Austin, James1, Schmid, Susanne 2 and Foss, Clive1
1Potential Fields Geophysics, CSIRO Mineral Resources, Lindfield, NSW 2070, 2Multidimensional Geoscience, CSIRO Mineral Resources, Kensington, WA 6151
The Amadeus Basin in central Australia is prospective for stratiform base metal deposits and hydrocarbons. The Basin displays subtle magnetic anomalies that trace strata for considerable distance, highlighting complex folding patterns. Magnetic modelling techniques can be utilised on these stratiform anomalies to extrapolate the near-surface structure of the basin. Generally magnetic anomalies are assumed to have predominantly induced magnetisation, and with this assumption dip can be reasonably estimated using magnetic data alone. However, where the magnetisation is not purely induced (i.e., includes remanent magnetisation) the mathematical trade-off between the dip and magnetisation of bodies means that the dip of a body cannot be known unless the magnetisation is also known. Normally it would be optimal to measure the magnetisation, but this is not always possible or feasible, e.g., due to land access issues. In this study, we investigate the relationships between dip and magnetisation using an approach that would generally be considered a little backward. Rather than constrain structure using petrophysics, we use structural geology to constrain petrophysics. Three study areas were chosen to investigate numerous stratigraphic horizons in three major study areas, the Waterhouse Range, Glen Helen Station and Ross River areas. Modelling results suggest that a paucity of layers retain predominantly induced magnetisation, remanence is dominant in some, but both induced and remanent magnetisation are typically present. Remanence is mainly associated with relatively oxidised units that contain only hematite (e.g. Arumbera Sandstone), and comparisons with known apparent polar wander paths suggest that these magnetisations pre-date major folding in the basin. In some cases, magnetic anomalism reflects redox zonation within units, e.g. the Pertatataka Formation near Glen Helen, where discrete magnetic layers coincide with thin grey (reduced, magnetite-rich) horizons interbedded with more prevalent red (oxidised, hematite-rich) horizons, which are only very weakly magnetised. We also found that where magnetised units are relatively thin and occur near the surface, their magnetic response is sharp. However, in coincident aeromagnetic data, adjacent anomalies commonly overlap to form a single anomaly, thus misrepresenting the magnetic field, and mis-mapping the dip of the magnetic horizons. This study highlights some major pitfalls in attempting to map structure using magnetics. Near surface sedimentary units tend to be variably oxidised, and their petrophysical properties are inconsistent along strike. Their total magnetisation is commonly comprised of a significant component of remanent magnetisation, and therefore due to the mathematical trade-off between dip and magnetisation direction, industry standard inversions will commonly mis-map surface structure. Remanent magnetisation pre-dates major folding in many cases therefore, opposite limbs of the same fold can have completely different magnetic signatures. Our ability to target mineral systems in sedimentary systems is contingent on our ability to map the structure of such systems. This study demonstrates that petrophysical knowledge is a pre-requisite constraint for successfully informing structural and tectonic studies using geophysics.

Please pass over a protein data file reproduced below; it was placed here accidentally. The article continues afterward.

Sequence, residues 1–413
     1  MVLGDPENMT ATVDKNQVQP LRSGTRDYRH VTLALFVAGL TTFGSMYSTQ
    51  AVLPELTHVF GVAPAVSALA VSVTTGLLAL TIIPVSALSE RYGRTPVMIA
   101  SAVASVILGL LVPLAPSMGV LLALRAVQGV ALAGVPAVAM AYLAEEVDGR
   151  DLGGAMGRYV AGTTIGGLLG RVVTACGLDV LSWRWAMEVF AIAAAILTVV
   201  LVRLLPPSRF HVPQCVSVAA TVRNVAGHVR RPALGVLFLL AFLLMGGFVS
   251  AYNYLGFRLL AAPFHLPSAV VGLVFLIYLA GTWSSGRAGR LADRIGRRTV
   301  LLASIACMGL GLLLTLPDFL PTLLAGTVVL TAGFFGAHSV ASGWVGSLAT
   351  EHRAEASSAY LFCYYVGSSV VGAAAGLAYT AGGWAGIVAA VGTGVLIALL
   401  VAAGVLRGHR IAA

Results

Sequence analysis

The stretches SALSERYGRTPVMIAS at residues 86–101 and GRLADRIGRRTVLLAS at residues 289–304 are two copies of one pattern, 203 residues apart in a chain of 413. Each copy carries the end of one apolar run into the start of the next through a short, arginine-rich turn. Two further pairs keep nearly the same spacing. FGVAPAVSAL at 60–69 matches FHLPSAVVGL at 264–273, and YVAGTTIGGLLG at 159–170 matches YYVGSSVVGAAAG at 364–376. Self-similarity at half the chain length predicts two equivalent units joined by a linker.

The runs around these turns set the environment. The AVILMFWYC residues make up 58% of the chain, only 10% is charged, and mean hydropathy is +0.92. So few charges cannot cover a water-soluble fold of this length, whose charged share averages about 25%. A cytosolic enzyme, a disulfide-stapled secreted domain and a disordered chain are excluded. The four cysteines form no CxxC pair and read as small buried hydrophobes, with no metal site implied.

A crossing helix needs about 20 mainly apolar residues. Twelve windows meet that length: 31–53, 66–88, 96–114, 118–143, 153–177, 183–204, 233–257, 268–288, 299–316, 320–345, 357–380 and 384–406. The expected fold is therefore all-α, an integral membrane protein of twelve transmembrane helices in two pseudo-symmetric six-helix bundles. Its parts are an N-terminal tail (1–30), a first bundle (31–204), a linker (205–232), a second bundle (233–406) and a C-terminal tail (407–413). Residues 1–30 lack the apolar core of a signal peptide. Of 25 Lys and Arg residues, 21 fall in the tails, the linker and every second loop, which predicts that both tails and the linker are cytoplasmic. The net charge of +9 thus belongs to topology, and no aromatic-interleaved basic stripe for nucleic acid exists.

James Austin is specialised in structural geology and potential fields geophysics, but he dabbles in many aspects of geology. His research is focused on understanding relationships between crustal processes and geophysical fields. His recent work is focused on the development of integrated technologies for mapping mineral systems.